Tourists can easily observe many children on the street in Cambodia involved in economic activities such as scavenging, begging and polishing shoes. Cambodia has also been known as “a country of origin, transit and destination for trafficking in children for the purposes of commercial sexual exploitation and various forms of work, including forced labour and begging.” Cambodian children are traded to other Southeast Asian countries, such as Thailand and Malaysia, for the purpose of bonded labour or sex trafficking. Sexual exploitation of children and bonded labour are serious and notorious problems in Cambodia. Children are usually forced to work due to extreme poverty in their families, and many carry the additional burden of paying off family debts.
Although schooling up to nine years of age is free to all citizens of Cambodia based on Article 68 of the Constitution, education is not really free. There are extra costs, such as uniforms, books, and admission fees, and public school teachers also demand unofficial fees to supplement their low incomes; none of these contributes to affordable education for families. Because of this expensive “free” education, families tend to send only male children, or no children, to school to save money.(…)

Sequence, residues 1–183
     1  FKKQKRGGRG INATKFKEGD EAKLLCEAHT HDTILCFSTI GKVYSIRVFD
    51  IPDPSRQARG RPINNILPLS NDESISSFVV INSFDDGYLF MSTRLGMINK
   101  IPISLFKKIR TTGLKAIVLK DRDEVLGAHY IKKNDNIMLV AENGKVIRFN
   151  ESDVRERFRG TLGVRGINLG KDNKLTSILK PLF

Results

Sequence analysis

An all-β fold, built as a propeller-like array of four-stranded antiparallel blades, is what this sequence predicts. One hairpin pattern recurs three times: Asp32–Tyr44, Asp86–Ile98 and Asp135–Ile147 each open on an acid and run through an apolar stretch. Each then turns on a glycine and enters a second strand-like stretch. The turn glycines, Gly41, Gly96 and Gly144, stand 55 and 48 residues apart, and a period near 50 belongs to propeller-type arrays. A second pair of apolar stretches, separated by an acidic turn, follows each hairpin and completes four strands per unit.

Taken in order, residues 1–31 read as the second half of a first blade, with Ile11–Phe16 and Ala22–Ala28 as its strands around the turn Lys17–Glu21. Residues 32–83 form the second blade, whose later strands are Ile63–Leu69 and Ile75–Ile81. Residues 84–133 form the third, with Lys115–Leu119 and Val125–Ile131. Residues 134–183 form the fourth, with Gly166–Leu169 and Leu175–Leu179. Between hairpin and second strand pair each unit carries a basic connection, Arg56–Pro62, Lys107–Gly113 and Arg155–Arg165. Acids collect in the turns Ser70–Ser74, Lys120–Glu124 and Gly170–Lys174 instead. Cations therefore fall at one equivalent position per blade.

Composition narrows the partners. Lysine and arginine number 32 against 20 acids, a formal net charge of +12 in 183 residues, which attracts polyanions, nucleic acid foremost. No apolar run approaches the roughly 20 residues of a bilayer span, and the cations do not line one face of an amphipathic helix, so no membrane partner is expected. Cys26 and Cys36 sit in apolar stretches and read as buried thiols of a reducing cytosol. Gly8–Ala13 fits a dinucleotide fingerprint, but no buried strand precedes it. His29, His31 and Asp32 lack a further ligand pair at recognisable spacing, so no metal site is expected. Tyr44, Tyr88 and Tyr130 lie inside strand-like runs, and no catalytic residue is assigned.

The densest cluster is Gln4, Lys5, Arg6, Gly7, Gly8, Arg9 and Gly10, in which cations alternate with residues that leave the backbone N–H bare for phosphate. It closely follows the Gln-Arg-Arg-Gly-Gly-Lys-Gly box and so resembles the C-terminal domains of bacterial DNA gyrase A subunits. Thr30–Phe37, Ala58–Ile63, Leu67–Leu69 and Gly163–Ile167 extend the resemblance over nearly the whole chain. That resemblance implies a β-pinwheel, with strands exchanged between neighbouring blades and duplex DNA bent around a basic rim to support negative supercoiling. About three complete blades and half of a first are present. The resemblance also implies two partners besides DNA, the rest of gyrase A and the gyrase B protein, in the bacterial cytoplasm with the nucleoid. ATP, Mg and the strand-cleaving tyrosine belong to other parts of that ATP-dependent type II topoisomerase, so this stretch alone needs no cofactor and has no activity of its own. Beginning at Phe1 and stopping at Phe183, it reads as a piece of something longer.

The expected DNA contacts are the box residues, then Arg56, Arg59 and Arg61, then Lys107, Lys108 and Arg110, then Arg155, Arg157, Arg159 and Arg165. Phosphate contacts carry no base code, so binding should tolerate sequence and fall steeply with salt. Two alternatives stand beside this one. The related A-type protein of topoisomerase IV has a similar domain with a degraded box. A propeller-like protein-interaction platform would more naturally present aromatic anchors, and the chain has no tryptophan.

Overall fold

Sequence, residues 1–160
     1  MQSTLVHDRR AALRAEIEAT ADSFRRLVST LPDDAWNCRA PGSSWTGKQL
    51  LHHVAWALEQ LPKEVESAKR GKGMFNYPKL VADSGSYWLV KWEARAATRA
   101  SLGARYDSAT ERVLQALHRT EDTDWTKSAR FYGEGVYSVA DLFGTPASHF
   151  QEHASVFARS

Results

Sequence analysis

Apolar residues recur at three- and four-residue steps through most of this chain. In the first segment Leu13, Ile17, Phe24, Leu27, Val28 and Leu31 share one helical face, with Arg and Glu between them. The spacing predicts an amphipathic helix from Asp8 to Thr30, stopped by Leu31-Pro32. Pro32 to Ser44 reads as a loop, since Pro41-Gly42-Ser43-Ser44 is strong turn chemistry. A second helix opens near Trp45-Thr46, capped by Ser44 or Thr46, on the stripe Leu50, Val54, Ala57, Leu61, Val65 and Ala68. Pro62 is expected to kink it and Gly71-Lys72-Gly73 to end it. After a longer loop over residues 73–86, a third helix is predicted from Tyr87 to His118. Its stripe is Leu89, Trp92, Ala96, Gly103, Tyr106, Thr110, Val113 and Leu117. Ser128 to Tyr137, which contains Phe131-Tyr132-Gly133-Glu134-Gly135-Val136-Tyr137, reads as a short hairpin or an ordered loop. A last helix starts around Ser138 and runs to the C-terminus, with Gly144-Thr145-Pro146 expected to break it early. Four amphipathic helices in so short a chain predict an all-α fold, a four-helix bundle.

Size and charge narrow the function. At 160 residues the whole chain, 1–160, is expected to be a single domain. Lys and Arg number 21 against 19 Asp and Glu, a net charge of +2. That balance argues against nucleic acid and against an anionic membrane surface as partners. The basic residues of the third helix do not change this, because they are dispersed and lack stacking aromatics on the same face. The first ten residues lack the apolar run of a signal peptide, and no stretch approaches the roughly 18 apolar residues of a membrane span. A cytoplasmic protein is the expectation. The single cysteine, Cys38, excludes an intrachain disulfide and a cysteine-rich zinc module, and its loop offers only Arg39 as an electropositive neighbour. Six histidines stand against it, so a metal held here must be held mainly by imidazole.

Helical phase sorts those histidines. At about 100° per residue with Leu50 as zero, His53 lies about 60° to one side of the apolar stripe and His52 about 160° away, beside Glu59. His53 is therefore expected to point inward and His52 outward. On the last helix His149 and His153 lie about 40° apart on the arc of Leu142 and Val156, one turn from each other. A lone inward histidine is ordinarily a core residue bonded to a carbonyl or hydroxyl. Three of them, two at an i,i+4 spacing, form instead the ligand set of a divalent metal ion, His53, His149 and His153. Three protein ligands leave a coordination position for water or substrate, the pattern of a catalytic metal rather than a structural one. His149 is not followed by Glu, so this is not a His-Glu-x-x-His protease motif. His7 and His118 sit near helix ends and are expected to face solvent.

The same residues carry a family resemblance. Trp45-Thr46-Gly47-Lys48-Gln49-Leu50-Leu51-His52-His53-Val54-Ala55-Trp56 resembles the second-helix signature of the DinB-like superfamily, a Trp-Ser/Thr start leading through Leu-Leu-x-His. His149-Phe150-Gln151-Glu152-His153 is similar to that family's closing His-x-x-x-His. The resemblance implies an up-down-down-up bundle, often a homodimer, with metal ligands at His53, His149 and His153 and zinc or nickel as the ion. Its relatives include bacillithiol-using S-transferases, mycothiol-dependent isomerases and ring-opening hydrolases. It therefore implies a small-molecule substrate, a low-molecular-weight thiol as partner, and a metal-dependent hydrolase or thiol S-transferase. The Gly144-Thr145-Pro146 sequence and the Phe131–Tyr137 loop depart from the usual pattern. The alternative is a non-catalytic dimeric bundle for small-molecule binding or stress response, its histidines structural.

Social responsibility is a complicated term to define. It has much a deeper meaning than being just a simple procedure, one paragraph of a corporation’s code of conduct, or a single policy. Corporations have been adopting a disengaging strategy to address the child labour issue by eliminating child workers from their suppliers’ factories. However, they have not considered the consequences of children losing their jobs. Additionally, many companies naively claim that their products are “free of child labour”; however, with the approach they take to address the child labour practices, their products are never truly free of child labour, due to the concatenating structure of the supply chain. It is impossible to completely eliminate child labour from the entire supply chain when outsourcing to developing countries, where child labour is prevalent.
Beresford, Child Labour and Gender Discrimination in the Garment Industry